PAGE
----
Handbook of Police Administration

Handbook of Police Administration

Handbook of Police Administration

Handbook of Police Administration


As figureheads of the most visible segment of criminal justice, today's police administrators are forced to tackle challenges never faced by their predecessors. Heightened local and global threats, advanced technologies, and increased demands for procedural transparency require new levels of flexibility, innovative thinking, and the ability to foster and maintain relationships within the community. It is more crucial than ever to recruit and retain capable leaders to guide law enforcement agencies at this pivotal time in history.

Covering areas such as leadership in policing, use of force, and understanding how the law shapes police practice, Handbook of Police Administration examines the key topics that must be considered by law enforcement professionals. Recognizing that police leaders need the skills and traits of a politician, accountant, attorney, field lieutenant, and futurist, the authors cover a variety of contemporary issues surrounding police administration and management. Divided into five thematic sections, it considers the legal aspects of overseeing a public sector organization, as well as how research, technology, and training can assist modern police leaders in performing their duties more effectively and efficiently. The book covers problematic issues such as officers accepting gratuities, undercover work, and the time criteria required for promotional consideration. It concludes with a chapter comparing administrative issues in Australia with many of the subjects previously addressed with regard to U.S. protocol.

Using a range of perspective, differing viewpoints, and controversial issues, Handbook of Police Administration provides a springboard to stimulate discussion at the cutting-edge of debate in the dynamic field of policing.


This Handbook of Police Administration, co-edited by Jim Ruiz and Don Hummer, provides a smorgasbord of topics that are at the coalface of policing: the difficulties police encounter dealing with drug problems, traffic issues, race and ethnicity challenges, and street gang problems. Cross-cutting themes such as leadership in policing, use of force, and understanding how the law shapes (or fails to shape) police practice are relevant to students of police studies, practitioners, and scholars alike. There is something in here for everyone, which is a credit to the editors in accessing their network of colleagues in the field of policing and bringing them together in this one volume. Scholars will find original research articles. Practitioners will relate to the stories that abound in the text of many chapters. Police recruits will find the down-to-earth presentation of issues interesting and engaging. University and college students of policing will find the handbook to be an excellent reference book covering a wide scope of territory.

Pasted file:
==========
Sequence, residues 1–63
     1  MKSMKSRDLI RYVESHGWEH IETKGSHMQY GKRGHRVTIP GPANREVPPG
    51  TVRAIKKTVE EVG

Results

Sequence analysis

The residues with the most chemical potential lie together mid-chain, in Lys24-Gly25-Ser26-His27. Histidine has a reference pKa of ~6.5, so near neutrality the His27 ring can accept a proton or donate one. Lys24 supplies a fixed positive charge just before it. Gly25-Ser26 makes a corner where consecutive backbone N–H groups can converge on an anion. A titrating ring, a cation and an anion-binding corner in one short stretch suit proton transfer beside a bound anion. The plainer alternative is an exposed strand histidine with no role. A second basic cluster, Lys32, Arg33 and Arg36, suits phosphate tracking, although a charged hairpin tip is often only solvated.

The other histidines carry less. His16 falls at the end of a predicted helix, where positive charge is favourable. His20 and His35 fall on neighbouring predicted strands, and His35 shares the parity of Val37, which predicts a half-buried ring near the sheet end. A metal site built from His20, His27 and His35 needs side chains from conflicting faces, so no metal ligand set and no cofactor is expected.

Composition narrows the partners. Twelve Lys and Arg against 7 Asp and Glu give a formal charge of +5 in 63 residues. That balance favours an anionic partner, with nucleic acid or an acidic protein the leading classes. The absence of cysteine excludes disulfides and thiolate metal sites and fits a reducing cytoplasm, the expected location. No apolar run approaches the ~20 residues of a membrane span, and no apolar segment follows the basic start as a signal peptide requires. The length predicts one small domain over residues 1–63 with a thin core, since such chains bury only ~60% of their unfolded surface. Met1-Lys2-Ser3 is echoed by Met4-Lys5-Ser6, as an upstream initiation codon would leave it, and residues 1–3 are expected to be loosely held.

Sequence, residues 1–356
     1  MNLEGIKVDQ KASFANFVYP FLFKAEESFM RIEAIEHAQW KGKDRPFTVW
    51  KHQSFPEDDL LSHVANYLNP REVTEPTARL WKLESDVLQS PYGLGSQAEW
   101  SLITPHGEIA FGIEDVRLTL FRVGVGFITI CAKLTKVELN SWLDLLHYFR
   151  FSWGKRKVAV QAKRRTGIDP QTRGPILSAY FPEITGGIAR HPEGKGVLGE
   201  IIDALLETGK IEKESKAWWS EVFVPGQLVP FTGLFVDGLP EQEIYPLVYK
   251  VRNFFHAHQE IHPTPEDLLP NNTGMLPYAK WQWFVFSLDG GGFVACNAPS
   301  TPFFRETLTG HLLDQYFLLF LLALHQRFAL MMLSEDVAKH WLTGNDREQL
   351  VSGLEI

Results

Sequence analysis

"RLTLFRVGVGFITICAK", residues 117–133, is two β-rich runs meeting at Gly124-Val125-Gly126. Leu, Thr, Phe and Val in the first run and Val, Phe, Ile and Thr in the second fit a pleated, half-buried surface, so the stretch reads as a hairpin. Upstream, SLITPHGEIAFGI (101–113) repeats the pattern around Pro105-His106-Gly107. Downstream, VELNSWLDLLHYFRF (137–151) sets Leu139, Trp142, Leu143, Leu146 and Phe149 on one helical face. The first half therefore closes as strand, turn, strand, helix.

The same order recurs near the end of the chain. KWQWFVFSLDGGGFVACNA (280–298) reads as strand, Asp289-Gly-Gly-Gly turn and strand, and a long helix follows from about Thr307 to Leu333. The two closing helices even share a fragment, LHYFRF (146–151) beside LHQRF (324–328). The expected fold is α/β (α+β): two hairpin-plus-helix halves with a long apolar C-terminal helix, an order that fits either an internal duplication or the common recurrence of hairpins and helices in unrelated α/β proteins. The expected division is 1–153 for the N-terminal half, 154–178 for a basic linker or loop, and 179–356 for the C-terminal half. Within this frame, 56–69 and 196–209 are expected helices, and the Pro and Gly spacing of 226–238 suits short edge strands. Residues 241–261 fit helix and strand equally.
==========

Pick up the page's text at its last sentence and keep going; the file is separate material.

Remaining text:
The handbook also dedicates an entire section to police administration issues in Australia. The inclusion of material from Australia adds an interesting dimenshapter topics from the Australian authors. In doing so, the book straddles issues that are relevant across two western democratic countries that have both similarities and important differences. Students of police administration will be struck by the similarities in the issues that confront police agencies all over the world. For example Layton and Jennett, in their chapter about solving problems down under, raise a number of dilemmas and difficulties posed by police agencies in all corners of the world trying to implement problem-oriented policing.

Importantly, the handbook succeeds in raising a range of perspectives, different viewpoints, and controversies. The content of chapters is at the cutting edge of debate in the field of policing. The handbook will thus stimulate discussion and, as I am sure Jim and Don hope, invigorate students to ask questions, delve into the literature, conduct their own research, and find out more about the ever-changing world of policing.

Lorraine Mazerolle Griffith University, Australia

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